Lambretta and Scooter Heaven Part One
With Phil Aynsley
In 2011 I found myself on the outskirts of Milan to photograph a bike I had been trying to find for many years – Lambretta’s 250 GP racer (Lambretta 250 Grand Prix Racer – LINK). However the collection that it is a part of, “Casa Lambratta” is such a wonderful place that I thought it would be worth a detailed look.
Here is Part 1 where you can see a general overview. Part 2 will show a selection of the scooters in more detail. I revisited a couple of years later so these images are from both visits.
To be accurate the correct name of the collection is “Museo Scooter & Lambretta” but as it is housed above Vittorio Tessera’s Casa Lambretta workshop and offices it is by that name it is best known.
Vittorio has been a Lambretta fan since his father bought one in the ‘60s when Vittorio was a child. In 1981 he formed a Lambretta club which has since grown to over 3000 members!
In 1985 the Innocenti family, realising his dedication to their brand, offered him access to the company archives and donated numerous rare models to his collection This fascination grew to encompass all things scooter and in 2004 his collection was formally recognised and added to Milan’s museum registry.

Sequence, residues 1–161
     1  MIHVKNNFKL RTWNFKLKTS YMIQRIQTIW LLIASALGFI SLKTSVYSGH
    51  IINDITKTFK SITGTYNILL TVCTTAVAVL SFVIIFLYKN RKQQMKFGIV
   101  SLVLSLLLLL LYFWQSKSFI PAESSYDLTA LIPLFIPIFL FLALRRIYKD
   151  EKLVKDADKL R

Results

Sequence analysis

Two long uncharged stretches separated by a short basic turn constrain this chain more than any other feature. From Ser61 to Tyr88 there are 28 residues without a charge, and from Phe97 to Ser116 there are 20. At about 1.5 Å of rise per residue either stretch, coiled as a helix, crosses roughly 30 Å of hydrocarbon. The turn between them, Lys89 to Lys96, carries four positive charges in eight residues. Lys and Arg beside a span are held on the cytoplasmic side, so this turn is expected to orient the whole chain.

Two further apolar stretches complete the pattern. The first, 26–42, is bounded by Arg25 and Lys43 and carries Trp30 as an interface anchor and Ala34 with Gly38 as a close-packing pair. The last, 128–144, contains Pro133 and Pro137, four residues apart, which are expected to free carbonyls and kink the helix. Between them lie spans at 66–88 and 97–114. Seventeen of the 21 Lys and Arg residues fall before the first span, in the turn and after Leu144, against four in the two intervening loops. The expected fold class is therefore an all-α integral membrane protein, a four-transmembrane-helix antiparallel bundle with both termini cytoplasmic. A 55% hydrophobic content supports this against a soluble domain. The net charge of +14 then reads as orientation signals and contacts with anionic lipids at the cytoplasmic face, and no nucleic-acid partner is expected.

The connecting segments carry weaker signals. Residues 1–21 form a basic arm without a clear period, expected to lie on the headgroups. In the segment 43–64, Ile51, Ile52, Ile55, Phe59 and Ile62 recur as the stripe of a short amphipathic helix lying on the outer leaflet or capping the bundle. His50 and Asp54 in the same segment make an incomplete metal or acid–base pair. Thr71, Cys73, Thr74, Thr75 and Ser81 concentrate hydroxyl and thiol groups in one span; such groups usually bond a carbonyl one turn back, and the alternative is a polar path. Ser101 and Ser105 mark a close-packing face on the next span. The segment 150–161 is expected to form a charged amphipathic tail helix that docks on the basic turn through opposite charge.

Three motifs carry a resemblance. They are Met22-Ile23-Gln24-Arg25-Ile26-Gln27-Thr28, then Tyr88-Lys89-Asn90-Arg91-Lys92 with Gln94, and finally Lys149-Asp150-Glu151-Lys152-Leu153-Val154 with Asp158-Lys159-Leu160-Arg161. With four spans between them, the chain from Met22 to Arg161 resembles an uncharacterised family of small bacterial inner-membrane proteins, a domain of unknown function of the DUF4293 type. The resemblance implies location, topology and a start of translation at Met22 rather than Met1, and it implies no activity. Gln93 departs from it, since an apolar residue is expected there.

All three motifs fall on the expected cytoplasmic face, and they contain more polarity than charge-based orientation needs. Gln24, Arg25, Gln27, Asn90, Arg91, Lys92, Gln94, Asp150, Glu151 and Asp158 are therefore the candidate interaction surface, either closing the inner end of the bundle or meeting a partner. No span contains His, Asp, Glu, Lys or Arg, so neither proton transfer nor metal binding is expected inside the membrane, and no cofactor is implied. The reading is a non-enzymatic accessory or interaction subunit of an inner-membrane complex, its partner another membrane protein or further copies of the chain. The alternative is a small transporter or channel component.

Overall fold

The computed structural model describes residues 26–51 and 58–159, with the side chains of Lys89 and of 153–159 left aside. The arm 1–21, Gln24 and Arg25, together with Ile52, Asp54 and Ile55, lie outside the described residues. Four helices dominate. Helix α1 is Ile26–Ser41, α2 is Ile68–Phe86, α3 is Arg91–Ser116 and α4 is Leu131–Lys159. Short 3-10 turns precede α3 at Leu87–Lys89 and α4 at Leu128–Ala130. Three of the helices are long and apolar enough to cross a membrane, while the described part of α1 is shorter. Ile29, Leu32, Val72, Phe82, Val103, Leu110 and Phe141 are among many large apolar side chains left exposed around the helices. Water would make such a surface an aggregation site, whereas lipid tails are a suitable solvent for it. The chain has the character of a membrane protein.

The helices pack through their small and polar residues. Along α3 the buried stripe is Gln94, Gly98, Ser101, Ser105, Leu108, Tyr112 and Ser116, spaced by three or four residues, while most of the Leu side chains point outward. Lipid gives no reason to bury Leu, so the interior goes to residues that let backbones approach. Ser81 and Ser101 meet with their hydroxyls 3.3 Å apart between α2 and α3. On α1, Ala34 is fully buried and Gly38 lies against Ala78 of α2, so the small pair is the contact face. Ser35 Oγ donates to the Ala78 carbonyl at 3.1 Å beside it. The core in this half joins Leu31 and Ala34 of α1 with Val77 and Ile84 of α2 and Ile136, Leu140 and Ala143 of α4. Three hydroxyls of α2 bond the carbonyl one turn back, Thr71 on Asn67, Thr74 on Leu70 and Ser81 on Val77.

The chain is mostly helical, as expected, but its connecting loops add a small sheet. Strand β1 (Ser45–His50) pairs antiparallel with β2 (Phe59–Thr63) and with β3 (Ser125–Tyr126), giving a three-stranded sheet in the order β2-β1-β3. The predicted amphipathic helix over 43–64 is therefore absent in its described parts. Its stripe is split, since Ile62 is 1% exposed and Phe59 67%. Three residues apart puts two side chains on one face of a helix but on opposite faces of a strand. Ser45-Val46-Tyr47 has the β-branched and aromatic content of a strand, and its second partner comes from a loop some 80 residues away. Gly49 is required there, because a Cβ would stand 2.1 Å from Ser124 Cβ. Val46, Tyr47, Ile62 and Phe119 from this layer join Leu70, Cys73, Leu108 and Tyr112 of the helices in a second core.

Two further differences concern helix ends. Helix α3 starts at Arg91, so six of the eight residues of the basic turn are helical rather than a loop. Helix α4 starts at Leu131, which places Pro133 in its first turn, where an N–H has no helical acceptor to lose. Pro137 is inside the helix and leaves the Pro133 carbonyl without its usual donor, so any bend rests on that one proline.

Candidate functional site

There is a main hall which all the Lambrettas are displayed. A scale model of the Innocenti factory takes pride of place in the centre. Countless Lambrettas, of all flavours, take up the rest of the hall. Rare examples include a Model A with frame number 2, Jane Mansfield’s gold-plated TV175, a 1949 three-wheeled FB and many others.
A smaller hall is dedicated to Lambretta’s competition machines and this is where the 250GP is to be found.
While the Lambretta brand is perhaps not quite as famous as its traditional rival Vespa, over four million were produced in the nearby Lambrate factory from 1947 to 1971. In addition they were built under licence in South America, Asia, India, Spain, Germany and France.
Additional halls hold scooters from all around the world, over 160 in total.